WILLIAMSTOWN, Mass. — Four longtime members of the Williams College Athletic Department who served a combined 153 years were feted on Tuesday evening, May 27, in the Faculty Club.
Ed Grees, Mike Russo, Bud Fisher and Dick Farley were honored at a program emceed by Athletic Director Lisa Melendy and sponsored by President Adam Falk.
Retired Athletic Director Bob Peck, who was in attendance, hired all four of the Eph coaches.
Grees was the head Alpine ski coach for 33 years.
Early in his Williams career, Grees was working in the Outing Club Office and coaching and as a joke, he wrote a course description for "Beginning Bear Hunting." But the joke was on Grees as the course description made it into the college's course catalog and six students signed up for the class.
That, he joked, was "the first time I thought I was going to get fired at Williams ... ."
But the college kept him around to coach 20 Eph All-Americans competing against Division I scholarship athletes with Division III financial-aid supported athletes.
Russo concludes his soccer coaching career at the conclusion of the 2014 season, which will be his 36th year directing the program. He has been named the National Coach of the Year four times and is the first NCAA coach on any level to win the national award in consecutive seasons.
In his first three seasons, the Ephs won a total of eight games. After opening season No. 4 with a loss to RPI, he told his wife, Angela, "I don't think we're going to be here long." That was 32 years ago.
Russo recalled a knock on his door after that season-opening loss to RPI. It was Aytac Apaydin, a junior from Turkey, who assured Russo that the team would soon get a handle on his concepts and tactics and perform better. That 1982 team went on to finish 10-5-1, recording a 1-0 win over Dartmouth. The 1982 season was the first of 32 consecutive winning seasons under Russo.
He told the gathering about the one time he had been hired away from Williams by the New England Revolution of the Major League Soccer. After two nights of walking around Williamstown and thinking about leaving, he decided he could not leave Williams.
Russo has coached 51 All-Americans and four national players of the year and four players who have gone on to play for their national team.
Fisher, a native of Rumford, Maine, was teaching in the Rumford school system and on the verge of what he considered his dream job — head ski coach at Rumford High School — when he received a phone call from Williams Athletic Director Bob Peck asking that he come to Williamstown for an interview.
Fisher was hired as the head Nordic coach, coached freshmen baseball, was the first head coach of women's cross country and has been at Williams for 42 years — except for the two days he spent reconsidering his decision to accept, and then reject, the job of head coach of the U.S. National Team.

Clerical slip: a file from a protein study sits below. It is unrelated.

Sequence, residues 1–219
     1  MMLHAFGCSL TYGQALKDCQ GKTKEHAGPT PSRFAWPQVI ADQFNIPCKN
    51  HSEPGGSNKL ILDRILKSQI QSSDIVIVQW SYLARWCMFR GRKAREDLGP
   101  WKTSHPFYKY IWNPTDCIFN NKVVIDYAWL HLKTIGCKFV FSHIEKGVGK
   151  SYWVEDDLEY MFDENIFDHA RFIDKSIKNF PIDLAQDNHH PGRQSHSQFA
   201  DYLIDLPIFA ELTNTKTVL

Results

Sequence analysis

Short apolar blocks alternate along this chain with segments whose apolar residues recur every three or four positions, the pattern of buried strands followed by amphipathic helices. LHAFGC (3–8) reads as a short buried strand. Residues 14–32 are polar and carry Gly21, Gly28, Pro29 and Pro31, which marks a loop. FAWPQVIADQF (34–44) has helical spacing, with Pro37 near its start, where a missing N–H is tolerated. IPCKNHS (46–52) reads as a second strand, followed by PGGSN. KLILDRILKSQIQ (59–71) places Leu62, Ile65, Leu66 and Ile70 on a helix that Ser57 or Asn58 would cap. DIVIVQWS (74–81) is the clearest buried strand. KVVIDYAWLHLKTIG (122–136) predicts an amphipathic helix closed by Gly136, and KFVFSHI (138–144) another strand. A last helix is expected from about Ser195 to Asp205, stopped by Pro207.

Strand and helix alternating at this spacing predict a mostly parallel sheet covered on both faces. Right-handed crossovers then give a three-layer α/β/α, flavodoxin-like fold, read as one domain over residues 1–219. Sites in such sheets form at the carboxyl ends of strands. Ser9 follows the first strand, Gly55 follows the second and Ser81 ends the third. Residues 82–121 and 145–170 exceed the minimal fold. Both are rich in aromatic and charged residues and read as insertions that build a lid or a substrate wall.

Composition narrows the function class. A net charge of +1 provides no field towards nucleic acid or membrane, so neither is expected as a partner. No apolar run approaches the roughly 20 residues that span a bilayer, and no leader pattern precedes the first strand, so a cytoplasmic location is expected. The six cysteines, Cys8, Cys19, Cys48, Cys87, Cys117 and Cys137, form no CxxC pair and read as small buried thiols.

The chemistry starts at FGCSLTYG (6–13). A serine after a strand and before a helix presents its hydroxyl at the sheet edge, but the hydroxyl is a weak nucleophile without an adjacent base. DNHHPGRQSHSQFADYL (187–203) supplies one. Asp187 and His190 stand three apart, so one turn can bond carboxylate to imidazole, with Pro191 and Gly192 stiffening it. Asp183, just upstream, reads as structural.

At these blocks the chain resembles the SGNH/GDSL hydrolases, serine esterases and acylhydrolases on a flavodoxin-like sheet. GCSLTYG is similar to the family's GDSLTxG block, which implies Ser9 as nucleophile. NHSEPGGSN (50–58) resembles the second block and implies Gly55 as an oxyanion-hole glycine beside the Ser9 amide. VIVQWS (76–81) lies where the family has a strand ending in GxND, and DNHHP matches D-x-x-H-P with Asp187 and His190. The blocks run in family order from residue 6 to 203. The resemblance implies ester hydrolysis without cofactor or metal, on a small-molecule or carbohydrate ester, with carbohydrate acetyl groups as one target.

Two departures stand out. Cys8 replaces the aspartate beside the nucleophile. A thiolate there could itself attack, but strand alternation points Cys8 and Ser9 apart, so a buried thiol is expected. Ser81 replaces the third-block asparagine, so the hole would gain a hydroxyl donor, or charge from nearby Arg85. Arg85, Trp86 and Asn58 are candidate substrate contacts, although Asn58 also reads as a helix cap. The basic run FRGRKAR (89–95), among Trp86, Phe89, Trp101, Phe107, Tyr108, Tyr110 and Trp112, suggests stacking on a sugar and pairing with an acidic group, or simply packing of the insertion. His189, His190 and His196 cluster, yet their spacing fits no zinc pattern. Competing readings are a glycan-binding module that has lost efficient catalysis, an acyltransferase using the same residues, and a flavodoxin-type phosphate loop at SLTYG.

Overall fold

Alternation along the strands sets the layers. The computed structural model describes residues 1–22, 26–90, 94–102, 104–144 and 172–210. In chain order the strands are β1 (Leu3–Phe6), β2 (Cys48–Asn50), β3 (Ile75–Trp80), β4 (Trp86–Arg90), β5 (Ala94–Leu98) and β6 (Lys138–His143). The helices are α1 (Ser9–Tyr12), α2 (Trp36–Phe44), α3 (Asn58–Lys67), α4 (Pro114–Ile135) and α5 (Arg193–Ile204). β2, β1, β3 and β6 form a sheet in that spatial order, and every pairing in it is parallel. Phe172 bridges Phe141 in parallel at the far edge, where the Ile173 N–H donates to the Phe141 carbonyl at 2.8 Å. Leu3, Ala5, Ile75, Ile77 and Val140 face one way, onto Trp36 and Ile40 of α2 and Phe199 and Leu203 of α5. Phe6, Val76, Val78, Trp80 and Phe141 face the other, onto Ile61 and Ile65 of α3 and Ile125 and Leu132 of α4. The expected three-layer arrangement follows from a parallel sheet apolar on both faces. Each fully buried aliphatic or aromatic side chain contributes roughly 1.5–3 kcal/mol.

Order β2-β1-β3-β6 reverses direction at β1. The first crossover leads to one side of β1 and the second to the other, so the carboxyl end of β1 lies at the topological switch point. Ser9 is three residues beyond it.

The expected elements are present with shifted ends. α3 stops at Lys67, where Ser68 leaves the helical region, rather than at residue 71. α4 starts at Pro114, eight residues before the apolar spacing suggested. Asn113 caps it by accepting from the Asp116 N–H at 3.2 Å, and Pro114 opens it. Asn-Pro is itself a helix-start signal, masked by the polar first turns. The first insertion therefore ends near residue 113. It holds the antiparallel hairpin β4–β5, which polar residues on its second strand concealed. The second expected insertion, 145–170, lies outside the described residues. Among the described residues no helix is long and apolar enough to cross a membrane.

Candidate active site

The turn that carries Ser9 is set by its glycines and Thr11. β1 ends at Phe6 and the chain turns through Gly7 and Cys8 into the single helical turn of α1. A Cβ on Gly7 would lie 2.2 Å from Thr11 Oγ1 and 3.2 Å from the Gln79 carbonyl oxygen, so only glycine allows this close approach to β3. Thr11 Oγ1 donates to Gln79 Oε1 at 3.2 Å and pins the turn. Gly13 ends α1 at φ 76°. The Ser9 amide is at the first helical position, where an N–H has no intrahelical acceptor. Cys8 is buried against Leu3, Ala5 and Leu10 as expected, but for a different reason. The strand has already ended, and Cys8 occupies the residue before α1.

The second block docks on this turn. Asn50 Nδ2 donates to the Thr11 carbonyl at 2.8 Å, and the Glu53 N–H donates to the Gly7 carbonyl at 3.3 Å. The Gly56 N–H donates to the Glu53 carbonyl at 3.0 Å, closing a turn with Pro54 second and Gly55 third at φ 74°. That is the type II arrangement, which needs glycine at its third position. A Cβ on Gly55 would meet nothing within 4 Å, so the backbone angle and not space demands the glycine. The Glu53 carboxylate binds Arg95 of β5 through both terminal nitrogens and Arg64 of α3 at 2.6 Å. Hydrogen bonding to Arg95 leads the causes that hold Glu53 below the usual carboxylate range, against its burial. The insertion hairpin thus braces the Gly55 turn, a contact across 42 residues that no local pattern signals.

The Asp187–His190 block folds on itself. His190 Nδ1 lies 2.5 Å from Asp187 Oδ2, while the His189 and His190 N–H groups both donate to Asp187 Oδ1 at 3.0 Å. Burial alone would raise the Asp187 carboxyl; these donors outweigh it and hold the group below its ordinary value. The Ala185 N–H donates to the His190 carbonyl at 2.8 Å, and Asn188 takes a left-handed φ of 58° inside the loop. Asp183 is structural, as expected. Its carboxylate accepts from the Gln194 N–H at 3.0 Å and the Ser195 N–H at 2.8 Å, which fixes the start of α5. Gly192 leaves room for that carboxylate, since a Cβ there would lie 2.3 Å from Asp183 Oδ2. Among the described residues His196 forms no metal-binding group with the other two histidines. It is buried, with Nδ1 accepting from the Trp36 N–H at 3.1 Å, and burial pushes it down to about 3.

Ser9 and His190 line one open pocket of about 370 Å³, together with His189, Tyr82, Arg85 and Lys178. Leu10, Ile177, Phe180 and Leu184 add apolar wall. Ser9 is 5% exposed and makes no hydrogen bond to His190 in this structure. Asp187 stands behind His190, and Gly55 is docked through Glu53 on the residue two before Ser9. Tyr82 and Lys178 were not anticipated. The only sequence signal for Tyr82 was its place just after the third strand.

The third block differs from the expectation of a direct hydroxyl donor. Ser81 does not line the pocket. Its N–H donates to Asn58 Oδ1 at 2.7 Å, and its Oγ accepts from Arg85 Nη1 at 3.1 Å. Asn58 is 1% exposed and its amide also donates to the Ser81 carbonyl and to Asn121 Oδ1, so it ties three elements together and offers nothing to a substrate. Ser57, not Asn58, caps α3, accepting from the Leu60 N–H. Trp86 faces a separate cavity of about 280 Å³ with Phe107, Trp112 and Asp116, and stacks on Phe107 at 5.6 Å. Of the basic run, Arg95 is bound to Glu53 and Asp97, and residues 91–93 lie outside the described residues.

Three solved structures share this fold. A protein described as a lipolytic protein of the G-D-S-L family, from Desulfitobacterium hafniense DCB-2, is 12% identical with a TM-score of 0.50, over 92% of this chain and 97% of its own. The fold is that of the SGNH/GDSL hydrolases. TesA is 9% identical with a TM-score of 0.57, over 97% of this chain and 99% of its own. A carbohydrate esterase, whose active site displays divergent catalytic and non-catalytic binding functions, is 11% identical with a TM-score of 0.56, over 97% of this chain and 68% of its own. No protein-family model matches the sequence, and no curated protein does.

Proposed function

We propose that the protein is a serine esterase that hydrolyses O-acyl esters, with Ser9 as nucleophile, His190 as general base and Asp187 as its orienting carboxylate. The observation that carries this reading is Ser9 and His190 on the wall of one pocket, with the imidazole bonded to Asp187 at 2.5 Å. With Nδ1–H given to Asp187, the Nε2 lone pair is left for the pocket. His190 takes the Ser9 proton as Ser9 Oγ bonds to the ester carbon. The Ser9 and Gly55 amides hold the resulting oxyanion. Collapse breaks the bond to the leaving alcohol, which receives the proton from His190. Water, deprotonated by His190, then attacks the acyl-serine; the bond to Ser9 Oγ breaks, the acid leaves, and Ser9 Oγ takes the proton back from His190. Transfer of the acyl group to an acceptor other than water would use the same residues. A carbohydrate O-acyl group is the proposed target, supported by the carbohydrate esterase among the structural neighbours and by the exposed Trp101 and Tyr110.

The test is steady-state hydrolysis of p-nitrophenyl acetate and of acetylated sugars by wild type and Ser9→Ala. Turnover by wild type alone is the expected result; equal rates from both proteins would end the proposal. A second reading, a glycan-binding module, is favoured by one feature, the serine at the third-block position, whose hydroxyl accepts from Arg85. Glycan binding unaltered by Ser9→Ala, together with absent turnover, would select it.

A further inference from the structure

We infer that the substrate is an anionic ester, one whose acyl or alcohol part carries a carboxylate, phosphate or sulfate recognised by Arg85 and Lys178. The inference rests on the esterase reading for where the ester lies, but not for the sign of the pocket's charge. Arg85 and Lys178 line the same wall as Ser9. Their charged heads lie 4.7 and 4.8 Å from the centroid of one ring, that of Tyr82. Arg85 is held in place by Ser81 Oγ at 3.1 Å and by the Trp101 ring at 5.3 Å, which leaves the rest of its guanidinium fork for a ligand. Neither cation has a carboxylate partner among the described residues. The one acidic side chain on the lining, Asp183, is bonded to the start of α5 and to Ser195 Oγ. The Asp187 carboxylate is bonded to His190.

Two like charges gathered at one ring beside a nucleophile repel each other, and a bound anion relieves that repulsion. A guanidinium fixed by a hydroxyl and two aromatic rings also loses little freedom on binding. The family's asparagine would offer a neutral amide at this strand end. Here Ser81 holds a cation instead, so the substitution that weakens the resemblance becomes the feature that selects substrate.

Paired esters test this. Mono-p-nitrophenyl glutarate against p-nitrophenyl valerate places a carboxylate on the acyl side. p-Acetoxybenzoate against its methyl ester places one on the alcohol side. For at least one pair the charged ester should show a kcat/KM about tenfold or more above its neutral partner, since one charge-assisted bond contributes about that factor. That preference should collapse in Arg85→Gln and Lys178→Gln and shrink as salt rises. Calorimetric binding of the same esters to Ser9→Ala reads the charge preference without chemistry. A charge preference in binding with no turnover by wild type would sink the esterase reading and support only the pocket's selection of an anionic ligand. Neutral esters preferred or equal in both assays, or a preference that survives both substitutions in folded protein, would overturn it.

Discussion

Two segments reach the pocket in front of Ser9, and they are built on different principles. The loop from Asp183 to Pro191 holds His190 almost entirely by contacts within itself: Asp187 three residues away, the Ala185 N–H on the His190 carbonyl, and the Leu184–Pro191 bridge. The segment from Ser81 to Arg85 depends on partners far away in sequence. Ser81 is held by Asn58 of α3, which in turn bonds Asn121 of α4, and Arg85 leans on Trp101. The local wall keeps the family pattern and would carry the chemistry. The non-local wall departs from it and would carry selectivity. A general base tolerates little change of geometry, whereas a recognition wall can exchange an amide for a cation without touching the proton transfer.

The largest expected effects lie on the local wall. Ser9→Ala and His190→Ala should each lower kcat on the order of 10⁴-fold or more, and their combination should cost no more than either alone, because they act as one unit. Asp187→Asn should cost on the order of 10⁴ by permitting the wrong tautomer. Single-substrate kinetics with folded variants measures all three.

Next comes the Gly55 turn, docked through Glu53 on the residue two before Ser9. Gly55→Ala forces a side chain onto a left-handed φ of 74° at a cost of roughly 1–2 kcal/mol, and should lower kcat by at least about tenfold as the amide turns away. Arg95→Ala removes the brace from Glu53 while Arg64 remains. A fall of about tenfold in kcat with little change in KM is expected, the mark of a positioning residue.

Fisher said he "greatly appreciated the advice of Bob Peck to take advantage of sabbaticals and coaching exchanges to remain current and fresh in coaching" and that Williams is a special place for "allowing us all to explore and experience new situations."
He will not coach Nordic skiing next year, but he will fill in for Melendy, who will be on sabbatical, before he finally returns to his beloved Maine in spring 2015.
Fisher coached nine All-Americans competing against Division I scholarship athletes at NCAA championships with financial aid supported athletes.
Farley arrived in fall 1972 as an assistant football and track and field coach. Planning to stay two years, he remained for an additional 40.
Farley was an assistant coach in men's and women's track and field, then the head coach for both. He became an assistant track coach again when he was named the Ephs' head football coach. Two years ago, he was co-coach of men's and women's track and field with Peter Farwell and then finally as an assistant this past year, capping his 42 years.
He spent 32 years coaching Eph football, with the first 15 years as an assistant under Bob Odell before being named the head coach in 1987. He never had a losing season and he posted the first perfect football season (8-0-0) in college history in 1989, then posted four more.
Farley coached nine First Team All-Americans and was inducted into the College Football Hall of Fame in 2006.
"I always told my players it was faith, family, football, but I probably screwed that up and put football ahead of family," he said. "If I was asked to trade positions with my wife, Suzanne, and make the commitment she made, I could not do it. She's a saint."
Known for being blunt and honest in his observations after track practices, he would tell his athletes who said they felt good that they were lazy for not extending themselves and feeling worn out.
"It's track, you're not supposed to feel good after practice," he said.
Perhaps Farley's most famous phrase is "if you can't play here you can't play anywhere, there is no Division IV."
On Oct. 11, 2014, the new turf football/lacrosse field at Weston Field Athletic Complex will be named Farley-Lamb, recognizing the contributions of Dick Farley and Renzie Lamb. Lamb is a former assistant coach in football and longtime Eph head men's lacrosse coach.